The stretch of Eureka's Fourth Street between T and R streets is broad-daylight sketchy. And yet two restaurants have built cult followings there: Tandoori Bites, with its lunch buffet of curries, and La Patria Mariscos and Grill (1718 Fourth St.), just a samosa's throw across the street.
A couple of years ago, Adrian and Cici Ayala took over the latter (formerly La Patria Solis), changing up the menu to include more seafood than we've seen on a local Mexican menu, which is to say it's brimming with ceviche, octopus and lots of shrimp. This raises the question: How are we not eating more Mexican seafood? Look at Mexico, already. It's surrounded by water. Some would say big water. Ocean water.
The shrimp Botanero ($15.99) is a good way to dive in. The platter of more than a dozen garlicky head-on shrimp with charred Serrano peppers over a bed of grilled onions is edged with lime wedges, avocado, tomatoes and cucumber (for which you'll be grateful if you go all-in on the peppers). To peel or not to peel? The shrimp are cooked tender enough to go full Daryl Hannah in Splash if you want to enjoy the crunch and every bit of savory seasoning. And I'll take your heads if you aren't going to take advantage of the creamy concentration of flavor therein. The tomatillo and avocado sauce is a cool, tart accompaniment and, if you are ready for it, the side of dark, oily dried chili sauce brings more heat. Proceed with caution.
Another draw is the availability of consomme birria ($6.99 small, $9.99 large) all week long instead of just weekends. Not since Black Philip has goat been so tempting. The glorious, velvety brick-red broth and long-stewed pulled goat seasoned with adobo and dried chilis are deeply flavorful and enlivened with a squeeze of lime, a pinch of cilantro and onion. It's messy work but the warm, homemade corn tortillas are grilled to stand up to holding a scoop of meat. Don't punk out if you encounter a knob of bone — just be grateful to enjoy the real thing.
Let us not fall into the tribal factions and false dichotomy of pie vs. cake. Really, given the fact that Boston cream pie is really cake and cheesecake — with its graham cracker crust — is more of a pie, are we not already living in a post pie-vs.-cake society? (Drag me in the comments if you want. I said what I said.)
Open your mind and embrace the dessert-fluid lemon meringue cake at Cafe Brio, 791 G St. in Arcata.
Somewhere in the cumulus cloud of toasted Swiss meringue — a creamier and less foamy version of the mile-high stuff of diner pies, reminiscent of a well-browned marshmallow — are layers of surprisingly dense lemon chiffon cake with lemon syrup, caramel and lemon cream. The 4-inch cake ($14) goes further than you might think, serving at least four reasonable people or one person with an enviably open schedule for the rest of the day, while the tall 6-inch cake serves eight ($30).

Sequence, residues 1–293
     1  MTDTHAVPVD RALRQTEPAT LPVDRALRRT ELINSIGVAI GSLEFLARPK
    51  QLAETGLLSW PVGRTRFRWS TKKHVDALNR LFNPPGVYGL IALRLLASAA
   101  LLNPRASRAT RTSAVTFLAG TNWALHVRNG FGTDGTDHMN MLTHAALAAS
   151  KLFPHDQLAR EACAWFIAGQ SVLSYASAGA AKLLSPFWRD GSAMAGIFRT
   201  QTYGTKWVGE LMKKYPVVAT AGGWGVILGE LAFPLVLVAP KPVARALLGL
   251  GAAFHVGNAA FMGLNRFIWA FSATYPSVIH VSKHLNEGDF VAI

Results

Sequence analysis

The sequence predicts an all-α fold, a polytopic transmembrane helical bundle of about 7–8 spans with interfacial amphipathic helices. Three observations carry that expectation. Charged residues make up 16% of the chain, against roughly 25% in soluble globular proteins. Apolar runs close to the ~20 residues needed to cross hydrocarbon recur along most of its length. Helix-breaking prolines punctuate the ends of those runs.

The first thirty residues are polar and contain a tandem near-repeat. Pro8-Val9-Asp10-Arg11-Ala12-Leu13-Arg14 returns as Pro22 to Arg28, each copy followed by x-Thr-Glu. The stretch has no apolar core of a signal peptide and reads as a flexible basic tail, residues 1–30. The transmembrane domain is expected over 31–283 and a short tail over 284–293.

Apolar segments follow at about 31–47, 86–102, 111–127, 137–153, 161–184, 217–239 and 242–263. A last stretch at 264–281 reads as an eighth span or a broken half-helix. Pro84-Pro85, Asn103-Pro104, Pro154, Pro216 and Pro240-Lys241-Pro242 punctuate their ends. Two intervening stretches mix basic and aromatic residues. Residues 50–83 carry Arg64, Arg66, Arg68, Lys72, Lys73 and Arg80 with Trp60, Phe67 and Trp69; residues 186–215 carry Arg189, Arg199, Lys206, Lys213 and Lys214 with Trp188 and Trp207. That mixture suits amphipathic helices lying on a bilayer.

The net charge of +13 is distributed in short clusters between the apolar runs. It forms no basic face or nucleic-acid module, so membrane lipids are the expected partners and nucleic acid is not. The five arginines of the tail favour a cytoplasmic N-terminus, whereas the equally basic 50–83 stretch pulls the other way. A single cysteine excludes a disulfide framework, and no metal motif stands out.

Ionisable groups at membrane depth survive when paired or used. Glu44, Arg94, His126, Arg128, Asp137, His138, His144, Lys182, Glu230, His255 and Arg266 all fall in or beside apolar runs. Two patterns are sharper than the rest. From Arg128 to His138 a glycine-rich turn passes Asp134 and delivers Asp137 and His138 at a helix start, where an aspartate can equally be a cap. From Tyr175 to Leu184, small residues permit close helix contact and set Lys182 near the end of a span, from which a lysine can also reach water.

And once you are made instantly happy by eating this cake — reaching, in your joy, across the pie/cake divide — we can all unite to reclaim pudding and gelatin, restoring them to their rightful glory. That's right. I said what I said.
There are those who roll their eyes at the mention of another Mexican restaurant opening in Humboldt. And fine, I just did a quick count of around 60. Whatever. The cuisine of Mexico contains multitudes and we have merely scraped its surface here.
The vibe at Tuyas (553 Main St., Ferndale) is modern and a little swanky, with rough-hewn meta-beams suspended from the ceiling, Andrei Hedstrom's rainbow-jubilant paintings and a feast-ready redwood table with benches. Chef Gillermo Dominguez's take on mole enchiladas is good enough to steal your attention from all that ($14). On a recent rainy afternoon, we went with the adobada pork filling, which was juicy, charred here and there, and lightened with warm chunks of pineapple. The freshly made corn tortillas, fried to a crepe-like chewiness, were cloaked in smooth, nutty chocolate sauce and a scattering of queso fresco. The dark sauce is just warmed with chilis and more creamy than smoky or bitter. It's the kind of labor-intensive dish that makes one a little sentimental: It reminds you that someone stood at a stove and cooked for you for as long as it took.
Sidebar: If you feel $14 is too much for a plate of mole enchiladas without a belly-distending side of beans and rice, reconsider. That is, think about what it costs to get good pork, spices — sweet Jesus, the price of chocolate — and the hours of labor that go into making mole and then think about what you'd pay for a French meal that takes six hours to make. We are generally paying too little for Mexican food and giving too little respect to its cooks. Keep it in mind and tip generously the next time you get a burrito.
Jennifer Fumiko Cahill is the arts and features editor at the Journal. Reach her at 442-1400, extension 320, or Jennifer@northcoastjournal.com Follow her on Twitter @JFumikoCahill.